“In Tel Aviv, thousands of protesters joined a Jewish-Arab rally against the Israeli government’s plans to annex parts of the occupied West Bank. The protesters wore masks, but social distancing measures were not strictly maintained as some demonstrators formed small groups. Police initially sought to block the rally, but later allowed it to take place.
“Protesters in Israel also demonstrated against what they see as excessive violence by Israeli police against Palestinians. One protester held a poster showing George Floyd and Eyad Halak, a Palestinian with autism who was killed last week by Israeli police officers after apparently being mistaken as an attacker.”
– The Examiner, 5 June
The more rational elements of the American ruling class, clearly taken aback by the depth and breadth of the angry response to Floyd’s murder, and well aware of mounting social tension generated by the COVID-19 pandemic and the rapidly deteriorating economy, have scrambled to undertake some hasty damage control. Within a few days, a number of corporate heavy hitters, including Nike, Twitter, WarnerMedia, Netflix and Citigroup came out in support of the protests. They were soon joined by the National Football League, many of whose team owners are closely identified with Trump. In an abrupt reversal, the NFL proclaimed that it had been “wrong” to oppose players kneeling during the pre-game singing of the national anthem to protest police racism. Colin Kaepernick, the former quarterback of the San Francisco 49ers who initiated this practice in 2016, was blacklisted by the league and has not played since. At the time Donald Trump, who recently declared that he “absolutely” supported Kaepernick’s return to the NFL, was calling for firing any athlete who “disrespects our flag” by kneeling (LA Times, 24 June).
A statue of Frank Rizzo, Philadelphia’s notoriously racist “law and order” former police chief and mayor, has been removed along with likenesses of prominent representatives of the Confederate slavocracy in several Southern states (time.com, 24 June). “Cops” and “Live PD,” both popular, long-running “reality” television shows, were cancelled after being accused of glorifying police brutality. The U.S. Marine Corps has banned the public display of Confederate flags (ABC News, 6 June), and the Army announced that it was considering renaming ten military bases named after prominent Confederate white supremacists, a move it had previously rejected as “controversial and divisive”. (Trump has opposed the idea). Even NASCAR, the sport most closely identified with the heartland of southern white racism, opted to ban the Confederate flag at the request of its sole black driver (National Review, 11 June).
COVID-19, Social Polarization & Impending Economic Collapse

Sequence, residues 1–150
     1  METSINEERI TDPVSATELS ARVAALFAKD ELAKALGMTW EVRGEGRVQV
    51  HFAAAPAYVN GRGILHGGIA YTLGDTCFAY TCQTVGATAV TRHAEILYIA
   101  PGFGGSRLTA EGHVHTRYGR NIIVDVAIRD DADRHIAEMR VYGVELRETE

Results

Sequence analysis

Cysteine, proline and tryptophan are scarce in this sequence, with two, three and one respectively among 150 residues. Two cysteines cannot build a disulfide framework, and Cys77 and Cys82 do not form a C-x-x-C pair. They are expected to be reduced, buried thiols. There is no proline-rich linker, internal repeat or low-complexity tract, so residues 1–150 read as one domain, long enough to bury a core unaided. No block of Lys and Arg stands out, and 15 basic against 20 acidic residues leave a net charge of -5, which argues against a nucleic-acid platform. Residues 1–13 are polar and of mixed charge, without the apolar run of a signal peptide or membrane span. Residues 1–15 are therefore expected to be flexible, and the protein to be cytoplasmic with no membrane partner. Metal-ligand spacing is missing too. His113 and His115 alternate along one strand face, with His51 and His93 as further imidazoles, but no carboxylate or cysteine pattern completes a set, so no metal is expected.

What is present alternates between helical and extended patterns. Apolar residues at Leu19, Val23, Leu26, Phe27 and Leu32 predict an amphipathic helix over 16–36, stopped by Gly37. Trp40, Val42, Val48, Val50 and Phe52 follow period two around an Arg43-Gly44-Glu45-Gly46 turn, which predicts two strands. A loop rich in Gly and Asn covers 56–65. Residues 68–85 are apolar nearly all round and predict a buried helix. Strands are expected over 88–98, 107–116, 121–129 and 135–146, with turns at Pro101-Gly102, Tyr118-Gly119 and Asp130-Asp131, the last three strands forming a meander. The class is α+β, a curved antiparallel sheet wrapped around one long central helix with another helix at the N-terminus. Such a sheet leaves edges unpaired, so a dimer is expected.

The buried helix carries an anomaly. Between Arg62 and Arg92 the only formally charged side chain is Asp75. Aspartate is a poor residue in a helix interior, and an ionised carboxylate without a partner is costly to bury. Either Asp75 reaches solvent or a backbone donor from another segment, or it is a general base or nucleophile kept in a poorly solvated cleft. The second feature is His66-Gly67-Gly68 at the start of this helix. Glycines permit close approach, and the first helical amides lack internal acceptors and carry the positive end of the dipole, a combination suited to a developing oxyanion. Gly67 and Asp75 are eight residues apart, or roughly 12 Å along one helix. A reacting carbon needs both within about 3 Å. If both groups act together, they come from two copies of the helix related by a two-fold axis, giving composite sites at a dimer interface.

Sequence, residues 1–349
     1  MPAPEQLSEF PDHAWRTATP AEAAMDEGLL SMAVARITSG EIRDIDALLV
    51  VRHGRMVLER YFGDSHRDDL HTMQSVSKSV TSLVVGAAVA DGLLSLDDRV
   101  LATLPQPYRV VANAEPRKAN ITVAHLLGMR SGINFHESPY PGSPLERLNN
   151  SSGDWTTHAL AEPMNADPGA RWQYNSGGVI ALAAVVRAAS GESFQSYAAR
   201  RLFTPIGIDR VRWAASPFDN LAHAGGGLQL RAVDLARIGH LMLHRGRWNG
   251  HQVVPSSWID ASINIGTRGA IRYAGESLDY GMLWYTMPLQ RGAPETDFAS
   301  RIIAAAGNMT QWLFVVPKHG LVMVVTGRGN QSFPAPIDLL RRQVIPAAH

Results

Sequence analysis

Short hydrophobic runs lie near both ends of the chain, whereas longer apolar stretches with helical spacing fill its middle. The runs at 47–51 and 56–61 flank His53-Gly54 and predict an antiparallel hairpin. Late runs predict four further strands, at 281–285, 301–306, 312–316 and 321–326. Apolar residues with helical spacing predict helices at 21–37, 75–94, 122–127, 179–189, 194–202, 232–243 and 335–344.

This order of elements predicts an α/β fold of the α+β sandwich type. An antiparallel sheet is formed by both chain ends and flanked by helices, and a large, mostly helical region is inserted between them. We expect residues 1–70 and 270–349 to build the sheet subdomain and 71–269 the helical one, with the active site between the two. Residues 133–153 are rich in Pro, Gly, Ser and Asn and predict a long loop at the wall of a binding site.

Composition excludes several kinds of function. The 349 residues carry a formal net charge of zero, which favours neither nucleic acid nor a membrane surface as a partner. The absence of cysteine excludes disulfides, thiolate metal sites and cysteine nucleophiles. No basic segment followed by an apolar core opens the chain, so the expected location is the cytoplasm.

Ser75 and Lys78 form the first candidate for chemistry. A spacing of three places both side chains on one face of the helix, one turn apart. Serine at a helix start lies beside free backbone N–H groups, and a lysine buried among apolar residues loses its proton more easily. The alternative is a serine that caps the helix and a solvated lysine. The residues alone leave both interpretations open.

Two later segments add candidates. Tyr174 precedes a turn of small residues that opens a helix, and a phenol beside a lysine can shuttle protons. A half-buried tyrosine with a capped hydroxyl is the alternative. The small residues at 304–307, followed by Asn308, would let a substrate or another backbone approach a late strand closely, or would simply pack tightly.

The explosive growth of the protests over Floyd’s murder was clearly linked to the heightened level of social anxiety over the COVID-19 pandemic, as well as anticipations of what promises to be a severe and long-lasting economic downturn. With the New York Times predicting “A Tidal Wave of Bankruptcies” (18 June) and some 40 million already out of work, the immediate future for American capitalism is not promising. Since 1972, when the U.S. government first began to track black unemployment, the rate has been pretty consistently twice that of whites. It is very clear that the long-term pain and suffering caused by the continuing economic meltdown will be felt disproportionately by black and Hispanic families, as has been the case with the pandemic.
The uncontrolled spread of COVID-19 has discredited the entire ruling elite and the social order it sits atop—although the chief focus has been on the Trump administration whose gross incompetence vastly expanded the scope of the disaster. Tens of millions of Americans are now more acutely aware of the complete irrationality of “for-profit” medicine and understand that it is necessary to choose between public health and maximizing the profits of the medical-industrial complex. The willingness of millions of people to march against racism, despite the risks posed by a pandemic that has already killed well over 125,000 Americans, is evidence of a profound desire for a major social and political transformation.
For over three decades growing inequality has steadily eroded the stability of American society. Today the disparity in wealth between the tiny handful at the top and the vast majority beneath has reached roughly the same proportion as it was on the eve of the Great Depression. The tens of millions of people whose lives have become increasingly insecure, and who have lost confidence in the government, state institutions and increasingly in the entire system of “free enterprise,” will likely be joined by millions more in the near future.
Today, with unemployment levels worse than the 1930s, many Americans who long considered themselves part of the “solid middle class,” are suddenly having trouble paying their bills or even getting enough to eat. According to a mid-May survey:
“Three in ten adults (31%) say they have fallen behind in paying bills or had problems affording household expenses like food or health insurance coverage since February due to the coronavirus outbreak. Additionally, one in four Americans (26%) say they or someone in their household have skipped meals or relied on charity or government food programs since February, including 16% who say this was due to the impact of coronavirus on their finances. The share who say they have skipped meals or relied on charity or government food programs due to coronavirus is higher among those in households that have lost a job or income due to coronavirus (30%) and among Black adults (30%) and Latinos (26%).”